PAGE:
Dictionary search results

Showing 1-50 of 114 results

scale1 British & World English

Each of the small, thin horny or bony plates protecting the skin of fish and reptiles, typically overlapping one another

scale2 British & World English

An instrument for weighing, originally a simple balance (a pair of scales) but now usually a device with an electronic or other internal weighing mechanism

scale3 British & World English

A graduated range of values forming a standard system for measuring or grading something

scale1 English Thesaurus

all reptiles have scales covering the skin

scale2 English Thesaurus

the Celsius scale of temperature

scale pan in scale2 British & World English

Either of the dishes on a simple balance

to scale British & World English

With a uniform reduction or enlargement

to scale in scale3 British & World English

With a uniform reduction or enlargement

pay scale British & World English

A graded scale of wages or salaries paid within a particular organization or profession

in scale British & World English

(Of a drawing or model) in proportion to the surroundings

Baumé scale British & World English

A scale with arbitrary markings, used with a hydrometer to measure the relative density of liquids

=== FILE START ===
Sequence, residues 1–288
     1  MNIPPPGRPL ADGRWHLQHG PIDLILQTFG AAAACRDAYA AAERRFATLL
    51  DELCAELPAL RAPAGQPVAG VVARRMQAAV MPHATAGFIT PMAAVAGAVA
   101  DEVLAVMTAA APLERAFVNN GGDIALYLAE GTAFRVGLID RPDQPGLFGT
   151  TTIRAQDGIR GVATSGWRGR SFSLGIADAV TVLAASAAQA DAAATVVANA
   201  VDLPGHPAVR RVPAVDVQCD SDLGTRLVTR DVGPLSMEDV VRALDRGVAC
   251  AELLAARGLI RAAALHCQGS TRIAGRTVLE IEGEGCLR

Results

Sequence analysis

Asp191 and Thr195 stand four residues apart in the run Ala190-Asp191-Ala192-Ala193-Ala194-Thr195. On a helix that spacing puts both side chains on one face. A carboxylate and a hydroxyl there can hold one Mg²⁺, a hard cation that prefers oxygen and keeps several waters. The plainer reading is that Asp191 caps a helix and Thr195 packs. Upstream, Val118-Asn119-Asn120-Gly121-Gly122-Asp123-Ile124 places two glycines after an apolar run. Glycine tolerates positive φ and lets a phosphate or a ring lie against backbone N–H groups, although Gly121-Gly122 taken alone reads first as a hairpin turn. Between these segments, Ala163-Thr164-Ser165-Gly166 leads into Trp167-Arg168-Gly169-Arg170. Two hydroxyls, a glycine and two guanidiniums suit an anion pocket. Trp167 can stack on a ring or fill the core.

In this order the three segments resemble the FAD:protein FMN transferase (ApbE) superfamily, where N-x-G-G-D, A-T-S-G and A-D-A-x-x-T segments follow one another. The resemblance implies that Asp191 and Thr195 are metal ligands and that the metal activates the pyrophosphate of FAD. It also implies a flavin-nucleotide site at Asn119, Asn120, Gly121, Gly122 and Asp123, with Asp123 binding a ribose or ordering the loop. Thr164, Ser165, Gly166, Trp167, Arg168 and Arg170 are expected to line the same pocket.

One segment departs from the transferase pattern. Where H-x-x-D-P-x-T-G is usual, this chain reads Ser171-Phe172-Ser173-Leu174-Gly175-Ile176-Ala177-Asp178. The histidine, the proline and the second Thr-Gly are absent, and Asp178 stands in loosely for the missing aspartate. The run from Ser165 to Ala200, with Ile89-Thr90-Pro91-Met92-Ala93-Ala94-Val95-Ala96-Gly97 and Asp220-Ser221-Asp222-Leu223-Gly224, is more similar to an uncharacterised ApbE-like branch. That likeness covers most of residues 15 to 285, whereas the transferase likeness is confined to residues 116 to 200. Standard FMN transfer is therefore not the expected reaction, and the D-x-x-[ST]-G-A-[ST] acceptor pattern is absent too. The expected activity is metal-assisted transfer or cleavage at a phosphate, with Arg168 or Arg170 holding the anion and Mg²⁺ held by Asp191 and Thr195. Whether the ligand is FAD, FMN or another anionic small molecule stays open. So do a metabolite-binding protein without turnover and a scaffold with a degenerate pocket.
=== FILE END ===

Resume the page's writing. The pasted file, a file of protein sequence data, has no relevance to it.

Brix scale British & World English

A hydrometer scale for measuring the amount of sugar in a solution at a given temperature

full-scale British & World English

Of the same size as the thing represented

large-scale British & World English

Involving large numbers or a large area; extensive

Mohs' scale British & World English

A scale of hardness used in classifying minerals. It runs from 1 to 10 using a series of reference minerals, and position on the scale depends on ability to scratch minerals rated lower

scale board British & World English

Very thin wood used (especially formerly) in bookbinding, making hatboxes, and backing pictures

scale leaf British & World English

A small modified leaf, especially a colourless membranous one, such as on a rhizome or forming part of a bulb

scale worm British & World English

A marine bristle worm with scales on the upper surface which have a protective function, and in some species are able to luminesce

small-scale British & World English

Of limited size or extent

full-scale English Thesaurus

a full-scale model

large-scale English Thesaurus

a large-scale privatization programme

Fujita scale British & World English

A scale of tornado severity with numbers from 0 to 6, based on the degree of observed damage

Kelvin scale British & World English

A scale of temperature with absolute zero as zero, and the triple point of water as exactly 273.16 degrees

Likert scale British & World English

A scale used to represent people’s attitudes to a topic

Réaumur scale British & World English

An obsolete scale of temperature at which water freezes at 0° and boils at 80° under standard conditions

Richter scale British & World English